PC1 vs PC2 of the decomposed Tf-Idf vectorized document matrix. Neither PC contains much of the variance within the data

Finding recommendations

I tried a couple different techniques to actually calculate the recommendations. I tested calculating the Cosine Similarity between a given document and the rest of the matrix and using a NearestNeighbors model from sklearn.

Cosine Similarity was a little more memory efficient, but slower because you have to sort the results to find the most similar documents. NearestNeighbors was faster after training, but required a decent amount of RAM to hold the trained model in memory.

Performance-wise they seemed identical, but I can only test a small number of papers manually. Each would need to be deployed and get feedback logged from users to truly know if one provides the best recommendations.

Below I give a few details as to how I used one of the approaches

Nearest Neighbors approach

Using scikit-learn's NearestNeighbors you can fit the SVD matrix. You then give it a 1D vector representing a single document, and it will return a set of the most similar documents.

from sklearn.neighbors import NearestNeighbors
nbrs = NearestNeighbors(n_neighbors=5, n_jobs=-1).fit(X)
Fitting the NearestNeighbors model. This requires about 8GB of RAM to hold in memory.

Then we can feed it a document in the 1D SVD format and it will return the indicies of the most similar documents.

# I created dictionaries to store the PMID -> index and index -> PMID mappings called indicies and pmids

# Get the index from the pubmed id
index = indicies[26890697] #26890697 is the PubMedID
document = X[index].reshape(1,-1)

dists, ind =  nbrs.kneighbors(document)

# Get the PubMedIDs from the returned indicies
suggested_pmids = pmids[ind]

Lets see how it performed.

Recommendation Results

Paper I asked for recommendations for:

Submitted Paper

Top recommendations from the model:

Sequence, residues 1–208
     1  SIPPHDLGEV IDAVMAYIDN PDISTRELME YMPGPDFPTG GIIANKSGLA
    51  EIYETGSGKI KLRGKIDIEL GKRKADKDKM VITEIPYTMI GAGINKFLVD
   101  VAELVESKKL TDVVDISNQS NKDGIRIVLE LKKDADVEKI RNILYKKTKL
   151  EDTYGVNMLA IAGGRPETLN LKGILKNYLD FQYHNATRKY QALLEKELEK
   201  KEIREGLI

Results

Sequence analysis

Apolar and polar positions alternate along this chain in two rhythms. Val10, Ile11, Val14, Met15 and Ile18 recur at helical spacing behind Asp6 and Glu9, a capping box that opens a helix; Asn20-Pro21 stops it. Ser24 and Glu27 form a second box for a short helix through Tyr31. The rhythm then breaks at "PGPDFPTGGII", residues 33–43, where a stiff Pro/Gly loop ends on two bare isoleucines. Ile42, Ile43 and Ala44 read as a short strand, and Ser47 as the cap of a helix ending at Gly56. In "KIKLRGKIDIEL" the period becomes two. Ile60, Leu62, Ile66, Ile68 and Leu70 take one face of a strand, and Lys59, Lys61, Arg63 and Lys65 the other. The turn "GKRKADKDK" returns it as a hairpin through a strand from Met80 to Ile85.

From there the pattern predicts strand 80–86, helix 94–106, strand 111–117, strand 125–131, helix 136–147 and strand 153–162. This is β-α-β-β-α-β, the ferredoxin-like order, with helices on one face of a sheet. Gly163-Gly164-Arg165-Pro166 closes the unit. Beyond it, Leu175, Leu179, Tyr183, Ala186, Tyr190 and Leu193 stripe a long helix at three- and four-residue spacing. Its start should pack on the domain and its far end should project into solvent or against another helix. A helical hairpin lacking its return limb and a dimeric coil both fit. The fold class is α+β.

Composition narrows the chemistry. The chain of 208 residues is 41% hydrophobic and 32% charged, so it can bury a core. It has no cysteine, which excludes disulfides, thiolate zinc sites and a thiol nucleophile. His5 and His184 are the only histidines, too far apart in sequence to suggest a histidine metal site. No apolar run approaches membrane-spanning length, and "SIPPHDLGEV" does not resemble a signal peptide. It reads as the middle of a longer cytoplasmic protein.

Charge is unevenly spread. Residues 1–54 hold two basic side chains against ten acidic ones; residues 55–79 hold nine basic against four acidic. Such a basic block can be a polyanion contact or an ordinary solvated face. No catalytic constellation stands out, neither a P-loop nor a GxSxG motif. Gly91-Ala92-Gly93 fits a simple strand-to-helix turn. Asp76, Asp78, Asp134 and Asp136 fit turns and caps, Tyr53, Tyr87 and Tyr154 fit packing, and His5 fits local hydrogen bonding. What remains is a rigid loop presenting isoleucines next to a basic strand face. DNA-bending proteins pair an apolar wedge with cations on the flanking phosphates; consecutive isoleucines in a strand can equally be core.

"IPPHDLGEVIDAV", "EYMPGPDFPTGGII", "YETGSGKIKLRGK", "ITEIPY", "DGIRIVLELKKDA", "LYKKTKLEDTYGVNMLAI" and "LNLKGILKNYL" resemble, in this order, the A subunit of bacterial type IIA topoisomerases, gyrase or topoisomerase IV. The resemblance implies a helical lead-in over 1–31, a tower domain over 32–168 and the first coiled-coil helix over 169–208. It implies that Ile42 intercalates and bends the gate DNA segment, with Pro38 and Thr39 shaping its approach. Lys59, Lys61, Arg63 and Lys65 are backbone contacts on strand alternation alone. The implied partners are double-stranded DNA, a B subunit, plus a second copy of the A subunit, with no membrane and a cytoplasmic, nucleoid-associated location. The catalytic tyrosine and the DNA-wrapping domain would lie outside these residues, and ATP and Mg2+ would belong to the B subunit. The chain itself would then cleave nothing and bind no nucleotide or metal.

Recommendation 1
Recommendation 2
Recommendation 3
Recommendation 4

That is honestly pretty impressive. Judging by the title alone those are pretty decent paper suggestions.

Conclusion

Overall this was a pretty educational experience creating this recommendation system. It was my first major attempt at working with unstructured text data and using NLP machine learning techniques.

I did actually create everything needed to deploy this model into production. I utilized Flask (backend), React (user interface), and MongoDB (NoSQL database).

It worked with a user inputting a PubMed ID of interest. The Flask backend would then load the required data, calculate the recommendations, get the PubMed IDs of the top 5 recommendations, fetch the paper details from the NoSQL database, and return that to the user. Additionally, the app would then store those recommendations with the paper  in the database, so the calculation would not have to be performed again.

As a calculation for each recommendation is pretty resource heavy for a short period, I created a job queue using Redis and Redis-Queue to keep system resources under control.

I even packaged the whole app as a Docker container so it could be easily deployed or scaled as needed. Just throw a Load Balancer in front and scale the number of containers as needed. The only standalone infrastructure the app needed was the NoSQL database instance that each container could connect to.

But in the end I couldn't justify spending the money needed to deploy this hobby project. I estimated it would be about $20-$30 a month to have a minimal working prototype up.

But maybe one day I will throw it up and try to get some feedback on the recommendations.